Happy 7th Labiversary!
After missing our 6th Labiversary party due to the COVID19 pandemic, the ShadeLab celebrated its 7th Labiversary in July 2021.
We've grown! We've moved!
Abby and Keara, be-masked and socially distant in our new lab in rm 6144/6150 Biomedical Physical Sciences Building!
Happy 5th Labiversary!
Dufour and Shade lab members and their families celebrated our 5th Labiversary at Michigan State in July 2019
Sun peaks through the miscanthus
Our lab studies how microbes may be harnessed to help bioenergy crops grow on marginal lands.
False-colored image of Arabidopsis plants taken in MSU's Center for Advanced Algal and Plant Phenotyping. Axenic plants were inoculated with different combinations of core members of the phyllosphere community.
"Rhizotrons" of common bean
We want to understand relationships between plants, soil, and microbes.
The landscape of Centralia - barren rock with steaming active vents adjacent to early successional vegetation.
Leaf isolates from switchgrass
Leaf surfaces are harsh environments. How do the microbes that live on leaves benefit plants?
The Explorations in Data Analysis for Metagenomic Advances in Microbial Ecology course at Kellogg Biological Station in 2015, posing as a double helix. Photo credit: Tom Rayner, @tomonlocation
MSU Biomedical Physical Sciences
MSU offers a fantastic environment for research in microbial ecology!
Phenotypic diversity among colonies of arsenic-resistant bacteria isolated from soil. Photo credit: Taylor Dunivin.
We want to understand how microbes communicate with each other and with their host plants using chemical signals.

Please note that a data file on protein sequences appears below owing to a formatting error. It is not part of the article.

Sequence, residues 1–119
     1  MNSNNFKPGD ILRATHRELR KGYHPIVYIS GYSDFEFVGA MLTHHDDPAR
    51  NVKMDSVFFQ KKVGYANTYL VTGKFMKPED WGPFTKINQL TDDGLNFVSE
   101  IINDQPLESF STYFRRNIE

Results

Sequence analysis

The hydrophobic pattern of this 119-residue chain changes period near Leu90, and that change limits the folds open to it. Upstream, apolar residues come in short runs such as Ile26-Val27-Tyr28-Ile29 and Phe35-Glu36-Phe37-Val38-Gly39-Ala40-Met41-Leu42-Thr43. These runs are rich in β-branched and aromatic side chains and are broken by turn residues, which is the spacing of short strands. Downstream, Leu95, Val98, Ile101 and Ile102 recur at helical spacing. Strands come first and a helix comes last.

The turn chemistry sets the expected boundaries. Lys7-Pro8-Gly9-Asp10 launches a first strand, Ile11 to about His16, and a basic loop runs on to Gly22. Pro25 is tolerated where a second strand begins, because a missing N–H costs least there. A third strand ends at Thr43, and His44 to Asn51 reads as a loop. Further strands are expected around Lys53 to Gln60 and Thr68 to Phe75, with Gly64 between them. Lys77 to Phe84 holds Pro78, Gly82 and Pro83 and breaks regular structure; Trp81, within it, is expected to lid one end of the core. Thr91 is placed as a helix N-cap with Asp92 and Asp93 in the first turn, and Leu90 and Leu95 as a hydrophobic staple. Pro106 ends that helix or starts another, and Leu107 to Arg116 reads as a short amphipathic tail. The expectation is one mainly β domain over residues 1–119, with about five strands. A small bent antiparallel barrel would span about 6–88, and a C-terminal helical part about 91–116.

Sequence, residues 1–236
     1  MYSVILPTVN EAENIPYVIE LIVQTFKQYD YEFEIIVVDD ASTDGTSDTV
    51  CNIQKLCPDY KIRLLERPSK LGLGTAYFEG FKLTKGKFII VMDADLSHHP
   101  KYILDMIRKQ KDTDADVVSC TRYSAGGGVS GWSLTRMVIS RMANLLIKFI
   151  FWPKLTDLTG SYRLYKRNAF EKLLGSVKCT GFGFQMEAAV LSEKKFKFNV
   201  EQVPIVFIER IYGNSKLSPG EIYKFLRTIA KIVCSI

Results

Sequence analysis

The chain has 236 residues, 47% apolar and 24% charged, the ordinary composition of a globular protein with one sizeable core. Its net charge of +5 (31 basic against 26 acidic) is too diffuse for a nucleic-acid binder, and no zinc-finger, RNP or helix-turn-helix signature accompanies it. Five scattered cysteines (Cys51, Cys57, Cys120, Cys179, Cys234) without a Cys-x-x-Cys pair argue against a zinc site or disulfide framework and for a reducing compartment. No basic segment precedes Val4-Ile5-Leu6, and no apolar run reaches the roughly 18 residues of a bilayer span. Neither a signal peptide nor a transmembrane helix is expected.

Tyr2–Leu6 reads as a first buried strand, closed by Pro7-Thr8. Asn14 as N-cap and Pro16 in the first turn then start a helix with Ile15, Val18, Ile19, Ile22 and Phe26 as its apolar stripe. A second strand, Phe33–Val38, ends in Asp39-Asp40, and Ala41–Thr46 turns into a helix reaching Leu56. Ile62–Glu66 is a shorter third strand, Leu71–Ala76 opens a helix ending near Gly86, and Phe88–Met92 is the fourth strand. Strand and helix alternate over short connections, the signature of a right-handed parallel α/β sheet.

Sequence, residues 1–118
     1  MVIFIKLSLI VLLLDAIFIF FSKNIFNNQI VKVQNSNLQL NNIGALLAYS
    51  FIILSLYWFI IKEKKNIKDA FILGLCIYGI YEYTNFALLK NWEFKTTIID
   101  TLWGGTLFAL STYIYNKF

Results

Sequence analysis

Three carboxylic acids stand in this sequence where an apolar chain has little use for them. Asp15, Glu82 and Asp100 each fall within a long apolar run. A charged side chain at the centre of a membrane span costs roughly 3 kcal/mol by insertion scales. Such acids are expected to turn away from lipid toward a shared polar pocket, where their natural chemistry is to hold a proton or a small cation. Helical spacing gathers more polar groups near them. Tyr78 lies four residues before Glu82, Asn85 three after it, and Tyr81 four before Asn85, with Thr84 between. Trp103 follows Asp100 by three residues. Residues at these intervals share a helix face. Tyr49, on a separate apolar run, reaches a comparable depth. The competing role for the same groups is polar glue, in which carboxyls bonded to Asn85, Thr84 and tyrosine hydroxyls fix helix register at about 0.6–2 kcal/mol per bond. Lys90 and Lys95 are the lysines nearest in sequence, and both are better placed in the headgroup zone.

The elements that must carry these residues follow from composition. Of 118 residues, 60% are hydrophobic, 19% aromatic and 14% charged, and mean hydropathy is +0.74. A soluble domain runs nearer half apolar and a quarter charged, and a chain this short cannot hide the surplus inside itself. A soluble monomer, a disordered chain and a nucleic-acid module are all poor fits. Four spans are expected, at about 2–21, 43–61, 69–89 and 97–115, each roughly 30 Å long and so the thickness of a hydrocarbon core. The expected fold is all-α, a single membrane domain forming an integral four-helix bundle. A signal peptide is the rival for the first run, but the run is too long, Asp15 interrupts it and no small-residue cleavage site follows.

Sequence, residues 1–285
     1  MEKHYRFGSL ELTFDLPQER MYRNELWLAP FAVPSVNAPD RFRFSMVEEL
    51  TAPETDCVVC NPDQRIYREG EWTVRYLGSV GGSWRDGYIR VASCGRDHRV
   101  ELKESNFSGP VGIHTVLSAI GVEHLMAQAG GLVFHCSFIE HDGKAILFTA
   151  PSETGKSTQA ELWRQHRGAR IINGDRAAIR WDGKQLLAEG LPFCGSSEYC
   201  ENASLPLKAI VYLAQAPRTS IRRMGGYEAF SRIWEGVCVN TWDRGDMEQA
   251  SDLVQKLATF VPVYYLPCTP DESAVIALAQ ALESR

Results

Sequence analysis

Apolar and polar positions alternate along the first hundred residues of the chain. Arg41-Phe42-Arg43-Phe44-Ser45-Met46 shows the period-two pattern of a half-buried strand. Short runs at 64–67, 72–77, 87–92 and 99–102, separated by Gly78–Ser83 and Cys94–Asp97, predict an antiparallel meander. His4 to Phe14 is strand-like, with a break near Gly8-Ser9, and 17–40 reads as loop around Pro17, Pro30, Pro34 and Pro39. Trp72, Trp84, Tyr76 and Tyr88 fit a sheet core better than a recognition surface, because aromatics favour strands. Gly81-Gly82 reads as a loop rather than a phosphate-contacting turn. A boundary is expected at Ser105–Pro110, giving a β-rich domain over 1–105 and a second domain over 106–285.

A commensal member of the Arabidopsis phyllosphere microbiome.
Community metabolite extraction
In the ShadeLab, we use community metabolomics to understand microbial interactions.
Group Photo Fall 2017
Welcome to the website of Ashley Shade's research team at Michigan State University!
Microbial communities (also called microbiomes) are composed of up to tens of thousands of different types of microbial members. These communities perform functions that are absolutely essential for their ecosystems, from nutrient cycling in the environment, to priming the immune system in a plant or animal host. Many of these functions are supported by the collective community, which is why it is important to consider the microbiome as a system with many interacting parts.
In our research, we investigate the ecology and evolution of microbiomes. In particular, we want to understand how microbial communities respond to stress so that we can manage them to quickly recover. The capacity to recover quickly and fully from a large stress is called resilience. Understanding the rules of microbiome resilience will help to support healthy outcomes for hosts and environments by stabilizing the essential functions that microbial communities perform.
We want to understand:
how microbial diversity can support resilience;
the microbial traits and mechanisms that promote resilient communities;
how to predict a fundamental shift in microbiome performance, and to intervene in advance to prevent the shift
the importance of functional redundancy - when more than one microbial population can perform identically- for stable microbiome performance; and
how interactions among microbiome members influence resilience.